• Mils Initiatives: Emerging Open Group Standards for Modular Approach to Critical Systems, Rance DeLong, Staff Scientist – EC Projects, The Open Group

Sally Long, Director of The Open Group Trusted Technology Forum (OTTF), also presented on OTTF in a session which focused on cybersecurity and supply chain risks, how the standard and the accreditation can address them, and what steps organizations can take to assure products are more secure and enterprises stay safe. The presentation was a recap of a recently recorded webinar which can be found here.

Robert Wiesman, CEO at Build the Vision Inc., took the opportunity to discuss his use of EA as a business technique to conduct Architecture-based planning for a huge business transformation.

After a full day of sessions, the first day of the London event concluded with drinks and networking at the Central Hall Westminster.

@theopengroup #ogLON

By Loren K. Baynes, Director, Global Marketing CommunicationsLoren K. Baynes, Director, Global Marketing Communications, joined The Open Group in 2013 and spearheads corporate marketing initiatives, primarily the website, blog, media relations and social media. Loren has over 20 years experience in brand marketing and public relations and, prior to The Open Group, was with The Walt Disney Company for over 10 years. Loren holds a Bachelor of Business Administration from Texas A&M University. She is based in the US.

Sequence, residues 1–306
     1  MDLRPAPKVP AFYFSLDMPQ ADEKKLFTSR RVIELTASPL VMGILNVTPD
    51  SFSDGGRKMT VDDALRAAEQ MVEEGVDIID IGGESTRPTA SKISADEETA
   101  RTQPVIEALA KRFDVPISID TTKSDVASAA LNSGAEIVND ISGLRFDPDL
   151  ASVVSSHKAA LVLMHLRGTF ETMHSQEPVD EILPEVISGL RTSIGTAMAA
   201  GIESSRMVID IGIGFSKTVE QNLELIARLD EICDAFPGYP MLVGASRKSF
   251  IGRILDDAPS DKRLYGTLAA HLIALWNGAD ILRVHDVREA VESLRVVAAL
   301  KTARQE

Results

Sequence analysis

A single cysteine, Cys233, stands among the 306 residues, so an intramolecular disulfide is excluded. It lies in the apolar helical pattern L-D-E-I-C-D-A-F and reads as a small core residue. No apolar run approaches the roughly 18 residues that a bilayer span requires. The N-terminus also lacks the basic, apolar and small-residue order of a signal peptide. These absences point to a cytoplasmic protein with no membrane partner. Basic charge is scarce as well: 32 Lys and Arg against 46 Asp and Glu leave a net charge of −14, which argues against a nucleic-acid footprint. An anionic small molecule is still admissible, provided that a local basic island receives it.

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Ensuring Successful Enterprise Architecture by Following Kotter’s Eight Stage Journey

By Stuart Macgregor, CEO, Real IRM Solutions and The Open Group South Africa

These industry insights look at John Kotter’s eight stages of change management, and explore his timeless blueprint for effective change leadership. These change management principles can gel with an enterprise architecture (EA) roadmap to achieve business transformation.

The company’s EA practice is viewed as the engine room that powers the move towards transformation, and not the end-goal in itself. However, Kotter’s eight stages have a huge role to play in the development of an EA practice.

Stage 1 – Establishing urgency

The journey begins with breaking new ground, jolting people out of their comfort zones, and forcing them to deal with often uncomfortable realities. Change, in general, is something people tend to resist – and one of the first tasks for change agents is to overcome the powerful forces of tradition.